News
from
Truth
Be
Told

April – “The past has passed, and I’m moving forward.”

$100K in 10 Days – Featuring our Truth Be Told Graduate, April

Our fundraiser is well under way. Thanks to all of our donors that have already taken the time to make donations. We are featuring 10 videos and an accompanying blog over the course of our fundraiser. 10 stories in 10 days. Uplifting stories of growth and transformation, none of them possible without donors like you. 

Today we are featuring April who was released in April 2020. April is embracing her newfound voice by telling her story to empower other women. 

​​TBT: What do you want people to know about incarceration and the criminal justice system?

April: What I want people to know about incarceration and the criminal justice system is that everyone makes mistakes. Being in prison is punishment enough without feeling judged or punished by society. Our justice system is not a fair one and many are not given a fair chance. It is hard to make something of yourself in prison because not everyone is given a chance to go to school and attend classes. Even if you do it is still not enough to help you make parole. The conditions in prison are not the best and it is especially hard for those who have no means of financial support. Despite what the laws say incarceration is not always the answer. Some people suffer from mental illness which prisons are not equipped to handle. Some people who are sick are put in prison to mask the situation. Until you have lived some of these people’s stories you should not judge something, you can’t even begin to understand.

TBT: What is your favorite motto, phrase, or affirmation?

April: My favorite motto, phrase or affirmation is one from Audrey Hepburn that says, “Nothing is impossible, the word itself says I’m possible”.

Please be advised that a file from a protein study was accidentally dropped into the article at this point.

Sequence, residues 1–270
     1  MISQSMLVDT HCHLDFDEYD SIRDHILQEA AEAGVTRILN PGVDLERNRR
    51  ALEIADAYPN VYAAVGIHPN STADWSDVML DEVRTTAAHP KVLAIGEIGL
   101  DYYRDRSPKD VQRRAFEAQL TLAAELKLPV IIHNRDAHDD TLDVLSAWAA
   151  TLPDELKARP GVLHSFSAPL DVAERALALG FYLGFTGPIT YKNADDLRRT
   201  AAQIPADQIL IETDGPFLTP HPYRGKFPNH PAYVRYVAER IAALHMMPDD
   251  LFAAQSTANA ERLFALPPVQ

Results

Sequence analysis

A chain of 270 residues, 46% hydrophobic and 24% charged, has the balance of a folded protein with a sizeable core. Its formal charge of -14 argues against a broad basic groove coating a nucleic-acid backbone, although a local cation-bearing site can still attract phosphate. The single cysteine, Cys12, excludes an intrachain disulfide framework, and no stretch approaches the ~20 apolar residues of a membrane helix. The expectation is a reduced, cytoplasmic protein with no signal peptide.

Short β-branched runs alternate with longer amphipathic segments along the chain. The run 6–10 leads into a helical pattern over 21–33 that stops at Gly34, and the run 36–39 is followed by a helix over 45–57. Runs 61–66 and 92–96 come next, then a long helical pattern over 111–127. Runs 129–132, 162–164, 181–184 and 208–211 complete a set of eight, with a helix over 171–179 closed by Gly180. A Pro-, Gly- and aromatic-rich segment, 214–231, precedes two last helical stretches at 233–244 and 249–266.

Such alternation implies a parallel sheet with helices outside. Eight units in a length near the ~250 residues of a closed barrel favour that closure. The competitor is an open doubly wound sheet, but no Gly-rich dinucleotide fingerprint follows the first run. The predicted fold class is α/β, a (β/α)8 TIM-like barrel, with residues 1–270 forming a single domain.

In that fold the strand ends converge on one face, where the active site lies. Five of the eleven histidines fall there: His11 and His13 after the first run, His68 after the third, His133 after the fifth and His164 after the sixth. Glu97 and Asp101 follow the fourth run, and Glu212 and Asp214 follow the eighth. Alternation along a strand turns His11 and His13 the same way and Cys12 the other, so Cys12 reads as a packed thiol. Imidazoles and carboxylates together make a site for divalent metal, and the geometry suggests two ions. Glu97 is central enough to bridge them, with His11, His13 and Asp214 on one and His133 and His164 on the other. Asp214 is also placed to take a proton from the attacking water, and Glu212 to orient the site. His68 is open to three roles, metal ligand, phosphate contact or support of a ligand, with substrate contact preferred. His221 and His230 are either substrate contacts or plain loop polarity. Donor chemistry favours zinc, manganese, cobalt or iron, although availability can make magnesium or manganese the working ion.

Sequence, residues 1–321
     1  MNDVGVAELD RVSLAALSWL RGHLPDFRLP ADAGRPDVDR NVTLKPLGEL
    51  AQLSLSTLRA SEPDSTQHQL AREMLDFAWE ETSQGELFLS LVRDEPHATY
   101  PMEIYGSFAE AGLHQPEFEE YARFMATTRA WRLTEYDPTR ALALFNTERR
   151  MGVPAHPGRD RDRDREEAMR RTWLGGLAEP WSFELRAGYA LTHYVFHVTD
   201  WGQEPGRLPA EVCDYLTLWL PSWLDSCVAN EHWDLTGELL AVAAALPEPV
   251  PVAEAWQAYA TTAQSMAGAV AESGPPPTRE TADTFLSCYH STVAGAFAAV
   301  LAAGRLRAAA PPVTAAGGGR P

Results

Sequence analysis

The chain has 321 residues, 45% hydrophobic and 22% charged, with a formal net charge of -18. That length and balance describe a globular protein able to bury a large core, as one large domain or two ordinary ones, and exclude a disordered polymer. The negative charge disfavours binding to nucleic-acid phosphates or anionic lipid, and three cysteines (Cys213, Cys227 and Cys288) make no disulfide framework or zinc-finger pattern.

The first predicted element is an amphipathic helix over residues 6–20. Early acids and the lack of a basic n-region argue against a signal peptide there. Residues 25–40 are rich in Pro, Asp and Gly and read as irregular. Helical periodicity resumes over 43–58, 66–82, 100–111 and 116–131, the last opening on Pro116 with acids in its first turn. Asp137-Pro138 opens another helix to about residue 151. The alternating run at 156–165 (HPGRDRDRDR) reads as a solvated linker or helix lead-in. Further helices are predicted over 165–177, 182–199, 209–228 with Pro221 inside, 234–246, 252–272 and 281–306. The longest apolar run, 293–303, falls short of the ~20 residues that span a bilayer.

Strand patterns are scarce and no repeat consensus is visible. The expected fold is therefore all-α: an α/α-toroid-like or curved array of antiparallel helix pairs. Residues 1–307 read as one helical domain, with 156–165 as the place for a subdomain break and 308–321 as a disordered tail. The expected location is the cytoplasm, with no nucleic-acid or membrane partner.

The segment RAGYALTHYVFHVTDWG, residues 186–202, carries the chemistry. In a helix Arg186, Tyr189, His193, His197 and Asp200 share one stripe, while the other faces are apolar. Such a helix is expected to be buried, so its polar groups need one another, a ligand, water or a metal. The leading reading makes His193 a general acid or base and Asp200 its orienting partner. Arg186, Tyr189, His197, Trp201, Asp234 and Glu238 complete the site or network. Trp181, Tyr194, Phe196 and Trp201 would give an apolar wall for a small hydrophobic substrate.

TBT: Out of all the work that you did with Truth Be Told, what is the most memorable lesson or tool that you still use to this day.

April: Out of all the work I did with Truth Be Told, the most memorable tool or lesson I use would be the grounding techniques when I find myself in stressful situations. I also tell my truth. It wasn’t until I took the Talk to Me writing class that I could be honest with my family and most importantly with myself. One tool I found memorable was the letter to the wise woman meditation.

TBT: We are all one choice away from incarceration. Describe one choice from your past that put you on the path to incarceration

April: One choice from my past that put me on the road to incarceration was my fear to escape an abusive home situation, a fear that dictated my life for so many years. I convinced myself I was protecting my family, but in the end, I lost myself. I went to prison and caused my family so much pain.

TBT: What are you excited about in your life now or looking forward to in the future?

April: What I am most excited about in my life now and looking forward to most in the future is a beginning chapter with my boyfriend. We just signed a lease for our own place, which we will move into next week. I’m excited about decorating, painting, and making it a home before the holidays. 

I have just celebrated a year with the company I work for, and I look forward to continuing to grow with them in the future. 

I graduate with my associate degree this coming year and have plans to transfer to a four-year university.

TBT: Tell us about your best day in prison and your worst day in prison

April: My worst day in prison happened a few years ago, I got caught up in a messy situation between my bunkie and her friends which landed me in segregation a couple of days before Christmas. My family always saw me for the holidays. All I kept thinking about was how my mom was supposed to see me that Christmas Eve and what she might feel upon hearing that our visit was now behind plexiglass with no physical contact. Our visits normally allowed contact and I could hug her. It hurt to see her because I felt as though I let her down. 

My best day happened on two different days. First was when I received a jpay from my brother letting me know that I made parole. We were on lockdown because of COVID so I could not call my family. The second would be the day I was released from prison after serving 9 1/2 years of a ten-year sentence.

April has found her voice and her community. She is using her story to let other women know that they are not alone. Now it’s your turn. Make your donation here today. Let women know that there is a bigger community cheering them on.